The state Senate has advanced a measure that would extend Oahu’s rail tax an additional five years after 2022, a move that many senators hope would close the rail project’s nearly billion-dollar budget gap.
The vote was 22 to 3, with Sens. Gil Riviere, Sam Slom and Laura Thielen voting against the bill. Slom, the chamber’s lone Republican and a staunch rail opponent, criticized the measure, saying that transportation leaders have not given state lawmakers straight answers on the proposed rail tax extension. Riviere (D, Heeia-Laie-Waialua) said he’s not opposed to completing the project but he’s against writing an “endless check” to fund the project.
“Is there a member on this floor who believes that’s the final price? Five years?” Riviere said. “Let HART (Honolulu Authority for Rapid Transportation) demonstrate some fiscal accountability. They’ve given us none.”
However, other senators countered that it is important to advance the bill, Senate Bill 19, in order to keep the discussion going on how to deal with rail’s fiscal crisis — and to keep holding rail officials’ feet to the fire.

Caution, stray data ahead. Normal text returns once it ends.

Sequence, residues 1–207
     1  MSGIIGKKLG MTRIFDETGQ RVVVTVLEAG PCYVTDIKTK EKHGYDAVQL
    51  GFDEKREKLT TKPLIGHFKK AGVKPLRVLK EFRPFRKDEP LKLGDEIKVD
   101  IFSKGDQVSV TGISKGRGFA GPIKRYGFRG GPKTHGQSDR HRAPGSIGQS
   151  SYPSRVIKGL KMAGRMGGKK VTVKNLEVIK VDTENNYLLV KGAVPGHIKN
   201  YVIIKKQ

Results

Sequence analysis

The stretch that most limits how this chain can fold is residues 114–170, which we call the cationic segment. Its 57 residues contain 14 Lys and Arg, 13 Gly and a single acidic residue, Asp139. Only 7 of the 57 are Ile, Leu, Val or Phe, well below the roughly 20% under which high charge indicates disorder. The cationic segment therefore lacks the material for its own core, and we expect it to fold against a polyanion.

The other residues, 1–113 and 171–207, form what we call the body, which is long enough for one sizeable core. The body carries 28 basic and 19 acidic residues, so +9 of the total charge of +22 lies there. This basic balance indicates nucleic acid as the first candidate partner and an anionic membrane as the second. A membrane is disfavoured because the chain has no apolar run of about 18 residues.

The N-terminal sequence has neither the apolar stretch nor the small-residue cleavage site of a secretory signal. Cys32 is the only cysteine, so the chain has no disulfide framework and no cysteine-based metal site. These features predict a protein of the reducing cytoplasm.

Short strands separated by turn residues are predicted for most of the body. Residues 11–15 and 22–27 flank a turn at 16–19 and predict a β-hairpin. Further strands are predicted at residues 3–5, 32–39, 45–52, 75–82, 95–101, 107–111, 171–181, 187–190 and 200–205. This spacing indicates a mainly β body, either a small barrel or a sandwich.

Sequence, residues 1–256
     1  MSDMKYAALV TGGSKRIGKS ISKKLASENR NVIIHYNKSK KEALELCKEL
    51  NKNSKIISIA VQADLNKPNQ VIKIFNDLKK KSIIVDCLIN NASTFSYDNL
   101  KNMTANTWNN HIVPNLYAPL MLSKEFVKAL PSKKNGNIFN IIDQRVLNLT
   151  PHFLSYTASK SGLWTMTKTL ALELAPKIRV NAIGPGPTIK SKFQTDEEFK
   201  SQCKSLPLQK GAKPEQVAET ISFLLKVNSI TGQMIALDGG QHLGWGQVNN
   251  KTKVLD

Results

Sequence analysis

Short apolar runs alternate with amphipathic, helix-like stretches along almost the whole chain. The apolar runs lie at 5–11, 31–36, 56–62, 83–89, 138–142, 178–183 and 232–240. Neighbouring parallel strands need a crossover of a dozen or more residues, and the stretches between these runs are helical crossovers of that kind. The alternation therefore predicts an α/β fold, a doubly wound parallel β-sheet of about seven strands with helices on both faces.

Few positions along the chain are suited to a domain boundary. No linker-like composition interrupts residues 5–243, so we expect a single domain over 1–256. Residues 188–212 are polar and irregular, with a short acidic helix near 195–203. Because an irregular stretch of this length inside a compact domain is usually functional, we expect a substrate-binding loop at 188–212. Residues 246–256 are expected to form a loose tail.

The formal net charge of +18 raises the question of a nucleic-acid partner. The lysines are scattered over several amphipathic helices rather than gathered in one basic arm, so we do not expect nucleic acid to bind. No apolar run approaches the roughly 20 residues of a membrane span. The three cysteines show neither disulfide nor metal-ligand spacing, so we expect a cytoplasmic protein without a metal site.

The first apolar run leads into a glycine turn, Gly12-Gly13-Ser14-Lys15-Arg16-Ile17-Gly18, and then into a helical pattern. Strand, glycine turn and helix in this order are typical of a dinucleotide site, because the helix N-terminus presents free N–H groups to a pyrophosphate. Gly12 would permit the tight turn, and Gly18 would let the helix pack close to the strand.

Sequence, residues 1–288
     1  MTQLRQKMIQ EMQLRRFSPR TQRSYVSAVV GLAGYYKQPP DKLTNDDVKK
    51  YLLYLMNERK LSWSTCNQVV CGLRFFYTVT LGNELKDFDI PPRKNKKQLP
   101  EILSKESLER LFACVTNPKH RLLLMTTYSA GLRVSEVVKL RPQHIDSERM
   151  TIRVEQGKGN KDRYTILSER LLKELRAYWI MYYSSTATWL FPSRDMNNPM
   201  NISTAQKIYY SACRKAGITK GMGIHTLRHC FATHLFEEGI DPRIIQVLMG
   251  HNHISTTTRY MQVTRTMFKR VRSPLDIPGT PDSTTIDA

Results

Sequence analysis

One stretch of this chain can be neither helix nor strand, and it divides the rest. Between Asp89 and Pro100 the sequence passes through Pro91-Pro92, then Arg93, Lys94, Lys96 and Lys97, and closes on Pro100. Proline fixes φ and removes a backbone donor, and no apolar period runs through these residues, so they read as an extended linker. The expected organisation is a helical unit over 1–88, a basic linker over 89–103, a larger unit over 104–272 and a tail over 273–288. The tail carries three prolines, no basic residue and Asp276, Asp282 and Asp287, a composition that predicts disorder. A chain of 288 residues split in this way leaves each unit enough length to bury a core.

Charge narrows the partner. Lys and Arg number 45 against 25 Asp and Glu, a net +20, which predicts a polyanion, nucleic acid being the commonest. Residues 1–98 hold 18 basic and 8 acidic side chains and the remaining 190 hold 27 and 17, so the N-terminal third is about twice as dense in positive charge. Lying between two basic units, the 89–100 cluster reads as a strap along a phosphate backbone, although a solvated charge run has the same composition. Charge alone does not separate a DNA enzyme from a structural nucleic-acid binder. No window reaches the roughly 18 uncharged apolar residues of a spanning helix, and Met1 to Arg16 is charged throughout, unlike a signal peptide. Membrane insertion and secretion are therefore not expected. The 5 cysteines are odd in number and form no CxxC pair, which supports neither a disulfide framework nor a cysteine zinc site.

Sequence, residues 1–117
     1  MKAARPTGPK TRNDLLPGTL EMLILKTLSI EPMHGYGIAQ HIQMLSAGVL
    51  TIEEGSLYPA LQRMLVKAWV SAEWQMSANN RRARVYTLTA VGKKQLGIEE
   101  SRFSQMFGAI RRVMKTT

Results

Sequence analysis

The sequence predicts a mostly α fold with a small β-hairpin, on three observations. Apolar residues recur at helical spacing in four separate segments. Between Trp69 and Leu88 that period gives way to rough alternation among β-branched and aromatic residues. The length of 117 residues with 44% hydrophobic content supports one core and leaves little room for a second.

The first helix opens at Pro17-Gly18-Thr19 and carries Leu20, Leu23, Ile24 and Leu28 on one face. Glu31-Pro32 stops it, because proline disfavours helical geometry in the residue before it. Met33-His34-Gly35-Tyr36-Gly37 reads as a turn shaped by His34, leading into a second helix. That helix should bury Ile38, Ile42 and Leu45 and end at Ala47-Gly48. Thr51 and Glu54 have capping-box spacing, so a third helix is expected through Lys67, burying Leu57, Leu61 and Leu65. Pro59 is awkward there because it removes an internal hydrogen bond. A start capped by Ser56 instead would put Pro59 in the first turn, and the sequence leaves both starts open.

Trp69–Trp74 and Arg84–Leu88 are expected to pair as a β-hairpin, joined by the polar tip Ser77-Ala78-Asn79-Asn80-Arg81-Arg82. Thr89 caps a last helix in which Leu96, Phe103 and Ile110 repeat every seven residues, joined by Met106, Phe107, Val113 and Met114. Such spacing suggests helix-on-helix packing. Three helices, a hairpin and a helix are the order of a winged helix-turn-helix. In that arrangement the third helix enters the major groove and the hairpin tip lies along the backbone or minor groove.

“The best way to have that accountability … is to fully engage and to ask the tough questions,” said Sen. Ronald Kouchi (D, Kauai, Niihau), who serves as the Ways and Means Committee’s vice chair.
Sen. Will Espero (D, Ewa Beach-Iroquois Point) responded to Riviere: “If he wants to keep the country country, we need to build this.”
The Senate measure now moves to the House.
The House will take up its own measure later Tuesday on the half-percent general surcharge and whether to extend it. That measure, House Bill 134, would reduce the rail surcharge by half starting in 2017 but it does not set an expiration date.